*There are no passenger boats traveling from Buliluyan Port to Balabac. Consequently, Balabac island tourist operators prefer to pick up the guests from that port.
Tip: For a less hassle trip from Puerto Princesa City to Balabac, you may contact Sir Motet Sanson of Kamp Malaya at +63 939 363 7676. He can arrange the trip and pick the guests up from the airport or from the hotel.
The stretch of sand dictated by the waves in Tangkahan island
Patawan Island
Tangkahan Island

Exploring Balabac

The islands of Balabac can be best explored by hopping into a boat which has to be rented from the locals. Small boats can fit in five to seven persons in which rates usually starts at Php 5,000.00 – Php 6,000.00 a day still depending on how many tourists will be  accommodated. You may contact Sir Motet Sanson  of Kamp Malaya at +63 939 363 7676. Boat rental rates do not include environmental fees, food and accommodation.
Sir Motet Sanson of Kamp Malaya offers boat sharing at Php 1,500.00 to Php 2,000.00 per head on a daily basis with a minimum of 6 persons inclusive of food and hopping into three islands.
The clear blue skies over the teal waters of Onuk Island
The Starfish sandbar of Candaraman Island

Best Things to do in Balabac

1. Swim into its crystal clear waters
2. Beach bum into the pristine beaches with the finest and whitest sand
3. Go on an island hopping activity
4. Swim with turtles and watch the dolphins, sting rays and Balabac crocodiles (if you’ll get lucky)
5. Admire the mangroves in some islands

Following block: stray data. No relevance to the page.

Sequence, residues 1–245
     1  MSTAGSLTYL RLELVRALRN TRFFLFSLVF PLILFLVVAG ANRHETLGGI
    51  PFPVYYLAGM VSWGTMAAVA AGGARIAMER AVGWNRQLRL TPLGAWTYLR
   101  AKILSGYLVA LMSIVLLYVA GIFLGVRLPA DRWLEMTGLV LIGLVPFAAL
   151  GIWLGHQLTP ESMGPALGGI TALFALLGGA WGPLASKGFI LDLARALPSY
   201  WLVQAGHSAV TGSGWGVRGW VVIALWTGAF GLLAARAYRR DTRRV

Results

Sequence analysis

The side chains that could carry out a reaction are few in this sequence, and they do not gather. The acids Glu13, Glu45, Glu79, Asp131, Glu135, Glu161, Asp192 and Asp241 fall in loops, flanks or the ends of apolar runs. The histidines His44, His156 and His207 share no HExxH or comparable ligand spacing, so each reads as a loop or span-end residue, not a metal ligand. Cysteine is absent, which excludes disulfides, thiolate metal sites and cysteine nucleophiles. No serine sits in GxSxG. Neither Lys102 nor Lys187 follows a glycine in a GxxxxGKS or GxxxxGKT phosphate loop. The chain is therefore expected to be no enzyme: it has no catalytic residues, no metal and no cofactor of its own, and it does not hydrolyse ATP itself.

6. Snorkel, dive and freedive – bringing your own equipment is highly suggested
7. Shop for Malaysian products in Marabon
8. Visit the century-old Cape Melville Lighthouse
9. ‘Mangawil‘ (traditional way of fishing)
10. Catch the gorgeous sunrise and sunsets in the islands
11. Experience the Molbog culture

The island of Onuk and its famous stilts

Where to Stay

There are no luxury hotels in Balabac town proper but simple lodging houses. Among the most recommended are the following:
1. JD Lodging House
Address: Brgy. 3, Poblacion, balabac, Palawan 5307
Mobile number: +63 939 937 7948
2. MLK Lodging House
Mobile number: +63 939 517 6161
Mobile number: +63 916 679 3993
There are also campsites and basic accommodation in Sicsican Island, Punta Sebaring and Onuk Island. These three islands offer room accommodation with pillows and mattress. Electricity is run by generator; therefore, scheduled. Generators are turned on in the evening til 6:00 AM the next day. Water is supplied by deep wells. The waters in Onuk Island, on the other hand, is delivered from Poblacion. Thus, guests are suggested to conserve resources.